Former LSU football quarterback Joe Burrow is expected to be the top selection in the 2020 NFL Draft.
Earlier this week, I wrote that Joe Burrow is bad for the 2020 NFL Draft.
But that opinion might’ve been premature.
The NFL wants some drama surrounding the draft. And when I wrote that Burrow was bad for the draft, the only drama surrounding him and the Cincinnati Bengals, who have the top pick, had been completely manufactured.
But that quickly changed this week — thanks to Burrow.
The former LSU quarterback pointed out this week to the Fort Worth-Star Telegram that he believes he has leverage heading into the NFL Draft.
“I do have leverage,” Burrow said. “They have their process and I have my process. We haven’t even gotten to the (NFL) combine yet. There’s a lot of things that happen leading up to the draft and a lot of information gathered.
“Right now, I’m focused on being the best football player I can be. I’m in this unique spot. You can go watch my film. I don’t have to prove myself at pro day and at the combine, so I’m in a unique spot where I can focus on getting ready for the year.”
Burrow also noted that even though he’s been working out with Jordan Palmer, a former Bengals player who is the brother of Carson Palmer (the top pick of the Bengals in 2003), he hasn’t talked to him about the state of the Bengals organization.
This is the first time we’ve heard Burrow insinuate that he has any sort of say over where he might get drafted.
While I’d still be surprised if Burrow tried to manipulate where he plays in 2020, these comments suggest that he’s at least entertained the idea.
This is a bizarre situation where I can see both sides. On one hand, players should go play where they’re drafted. That’s just how the draft works.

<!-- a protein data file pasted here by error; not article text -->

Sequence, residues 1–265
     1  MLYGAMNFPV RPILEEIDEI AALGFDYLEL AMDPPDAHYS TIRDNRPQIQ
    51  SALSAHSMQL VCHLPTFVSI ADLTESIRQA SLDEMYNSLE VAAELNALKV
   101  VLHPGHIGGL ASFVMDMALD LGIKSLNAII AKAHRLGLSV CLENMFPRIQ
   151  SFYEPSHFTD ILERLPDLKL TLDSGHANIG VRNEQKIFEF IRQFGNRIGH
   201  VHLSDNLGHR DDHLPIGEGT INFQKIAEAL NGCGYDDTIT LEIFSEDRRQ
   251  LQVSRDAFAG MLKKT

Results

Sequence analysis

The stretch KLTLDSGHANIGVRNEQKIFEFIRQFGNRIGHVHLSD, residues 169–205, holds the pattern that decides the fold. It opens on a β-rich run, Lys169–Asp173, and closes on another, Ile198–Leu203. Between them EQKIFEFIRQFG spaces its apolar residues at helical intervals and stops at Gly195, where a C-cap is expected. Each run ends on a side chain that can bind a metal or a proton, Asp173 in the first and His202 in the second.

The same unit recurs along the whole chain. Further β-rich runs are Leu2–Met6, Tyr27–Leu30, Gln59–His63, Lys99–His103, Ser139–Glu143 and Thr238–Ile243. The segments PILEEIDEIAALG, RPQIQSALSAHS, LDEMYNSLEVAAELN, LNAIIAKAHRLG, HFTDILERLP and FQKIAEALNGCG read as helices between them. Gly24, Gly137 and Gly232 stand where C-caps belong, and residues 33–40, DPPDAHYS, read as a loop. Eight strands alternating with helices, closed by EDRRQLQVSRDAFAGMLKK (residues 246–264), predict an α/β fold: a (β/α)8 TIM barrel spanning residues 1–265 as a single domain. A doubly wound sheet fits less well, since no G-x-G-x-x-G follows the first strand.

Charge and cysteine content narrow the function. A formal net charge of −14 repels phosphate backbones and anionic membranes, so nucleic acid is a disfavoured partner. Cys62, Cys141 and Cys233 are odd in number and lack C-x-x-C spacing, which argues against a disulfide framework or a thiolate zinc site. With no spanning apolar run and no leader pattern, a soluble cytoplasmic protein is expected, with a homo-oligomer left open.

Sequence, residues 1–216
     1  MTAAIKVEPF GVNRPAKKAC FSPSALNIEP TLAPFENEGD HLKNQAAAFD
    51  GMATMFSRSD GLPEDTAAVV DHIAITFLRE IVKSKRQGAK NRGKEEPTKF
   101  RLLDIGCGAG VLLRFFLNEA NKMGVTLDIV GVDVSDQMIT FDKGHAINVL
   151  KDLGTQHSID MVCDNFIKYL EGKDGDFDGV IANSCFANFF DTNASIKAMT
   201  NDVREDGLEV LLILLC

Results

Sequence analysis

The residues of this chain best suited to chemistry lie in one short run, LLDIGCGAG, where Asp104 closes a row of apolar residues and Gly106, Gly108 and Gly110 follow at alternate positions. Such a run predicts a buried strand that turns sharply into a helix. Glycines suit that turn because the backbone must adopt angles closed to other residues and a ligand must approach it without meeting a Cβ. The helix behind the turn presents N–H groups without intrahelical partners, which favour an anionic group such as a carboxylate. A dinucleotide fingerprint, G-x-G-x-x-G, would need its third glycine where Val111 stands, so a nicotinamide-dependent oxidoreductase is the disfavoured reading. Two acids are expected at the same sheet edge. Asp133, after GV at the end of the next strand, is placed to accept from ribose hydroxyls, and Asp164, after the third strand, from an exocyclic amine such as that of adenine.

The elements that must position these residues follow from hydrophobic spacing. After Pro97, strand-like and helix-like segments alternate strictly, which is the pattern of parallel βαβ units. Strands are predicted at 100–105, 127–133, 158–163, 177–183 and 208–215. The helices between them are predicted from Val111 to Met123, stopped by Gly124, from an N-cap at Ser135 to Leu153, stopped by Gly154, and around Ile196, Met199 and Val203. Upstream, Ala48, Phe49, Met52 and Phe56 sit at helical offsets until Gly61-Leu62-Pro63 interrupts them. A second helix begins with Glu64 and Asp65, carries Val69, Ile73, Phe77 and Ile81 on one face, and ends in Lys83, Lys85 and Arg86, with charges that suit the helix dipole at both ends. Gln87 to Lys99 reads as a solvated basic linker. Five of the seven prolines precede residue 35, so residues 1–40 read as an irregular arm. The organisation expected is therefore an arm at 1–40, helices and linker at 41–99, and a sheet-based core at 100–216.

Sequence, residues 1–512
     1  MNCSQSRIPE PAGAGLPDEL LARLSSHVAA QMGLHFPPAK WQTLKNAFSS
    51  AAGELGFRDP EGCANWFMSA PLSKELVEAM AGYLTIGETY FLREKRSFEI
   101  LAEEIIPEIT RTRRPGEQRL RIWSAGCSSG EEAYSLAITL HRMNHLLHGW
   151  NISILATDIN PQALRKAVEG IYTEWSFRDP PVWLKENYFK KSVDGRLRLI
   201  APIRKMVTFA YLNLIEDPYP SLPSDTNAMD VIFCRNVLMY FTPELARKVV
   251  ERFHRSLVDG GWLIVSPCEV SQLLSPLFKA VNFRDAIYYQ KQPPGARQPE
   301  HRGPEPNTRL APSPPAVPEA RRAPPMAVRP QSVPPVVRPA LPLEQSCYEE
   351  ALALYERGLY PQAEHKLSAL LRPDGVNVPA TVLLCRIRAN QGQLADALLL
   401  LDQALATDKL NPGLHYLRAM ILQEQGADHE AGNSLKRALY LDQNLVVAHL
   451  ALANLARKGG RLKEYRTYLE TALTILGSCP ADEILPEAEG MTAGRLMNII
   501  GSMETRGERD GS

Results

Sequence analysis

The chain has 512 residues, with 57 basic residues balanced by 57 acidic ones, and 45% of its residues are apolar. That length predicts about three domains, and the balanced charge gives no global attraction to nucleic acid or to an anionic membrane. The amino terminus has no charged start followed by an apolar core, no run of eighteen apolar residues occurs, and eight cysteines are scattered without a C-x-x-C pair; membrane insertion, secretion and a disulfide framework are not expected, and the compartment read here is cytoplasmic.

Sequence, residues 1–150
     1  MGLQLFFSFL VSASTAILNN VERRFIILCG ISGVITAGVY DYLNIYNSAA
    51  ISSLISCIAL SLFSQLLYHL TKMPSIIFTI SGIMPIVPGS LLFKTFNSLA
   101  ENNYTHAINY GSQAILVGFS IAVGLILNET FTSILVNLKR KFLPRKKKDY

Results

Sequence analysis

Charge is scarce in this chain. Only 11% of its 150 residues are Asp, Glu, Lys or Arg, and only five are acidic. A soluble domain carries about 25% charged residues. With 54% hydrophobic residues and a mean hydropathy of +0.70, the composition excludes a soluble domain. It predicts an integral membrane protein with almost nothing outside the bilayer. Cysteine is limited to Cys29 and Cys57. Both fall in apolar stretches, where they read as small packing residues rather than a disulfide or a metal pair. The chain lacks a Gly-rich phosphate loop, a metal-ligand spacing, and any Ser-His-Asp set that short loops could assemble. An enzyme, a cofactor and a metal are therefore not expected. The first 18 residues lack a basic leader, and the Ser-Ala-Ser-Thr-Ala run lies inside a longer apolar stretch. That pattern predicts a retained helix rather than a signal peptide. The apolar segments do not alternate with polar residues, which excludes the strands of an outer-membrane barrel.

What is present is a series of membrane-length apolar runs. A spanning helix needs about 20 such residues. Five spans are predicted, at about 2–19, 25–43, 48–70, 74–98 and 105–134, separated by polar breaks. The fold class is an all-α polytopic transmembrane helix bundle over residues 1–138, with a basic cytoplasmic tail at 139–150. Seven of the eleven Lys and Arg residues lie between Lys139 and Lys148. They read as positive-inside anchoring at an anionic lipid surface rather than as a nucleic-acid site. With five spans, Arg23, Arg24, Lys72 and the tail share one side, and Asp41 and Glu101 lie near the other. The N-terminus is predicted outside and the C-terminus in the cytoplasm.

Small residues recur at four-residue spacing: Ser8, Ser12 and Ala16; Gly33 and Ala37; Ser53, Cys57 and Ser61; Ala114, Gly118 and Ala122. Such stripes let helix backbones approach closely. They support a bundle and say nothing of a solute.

But on the other hand, I can understand Burrow not wanting to go to a franchise that’s been stuck in a perpetual state of mediocrity.
Burrow wants to win a Super Bowl. And he can’t do that by himself. If the Bengals don’t put him in a good situation, he’ll essentially be wasted for five years. Burrow is already 23, so I’m sure he doesn’t want to waste a portion of his prime years on a Cincinnati team that isn’t fully committed to winning.
Of course, the Bengals could call his bluff. Would Burrow really sit out? I tend to think he wouldn’t. But the Bengals might not be willing to gamble with the first overall pick.
At this point, perhaps the Bengals should trade the top pick for a litany of picks. I’m sure a team like the Carolina Panthers, who recently hired former LSU passing game coordinator Joe Brady, would be willing to make a move for Burrow (the Panthers need a quarterback, after all).
It’ll be interesting to see what transpires over the next two months. Maybe it’s much ado about nothing. But it certainly appears that I was wrong — Burrow might actually be good for the NFL Draft (and the drama the league desires).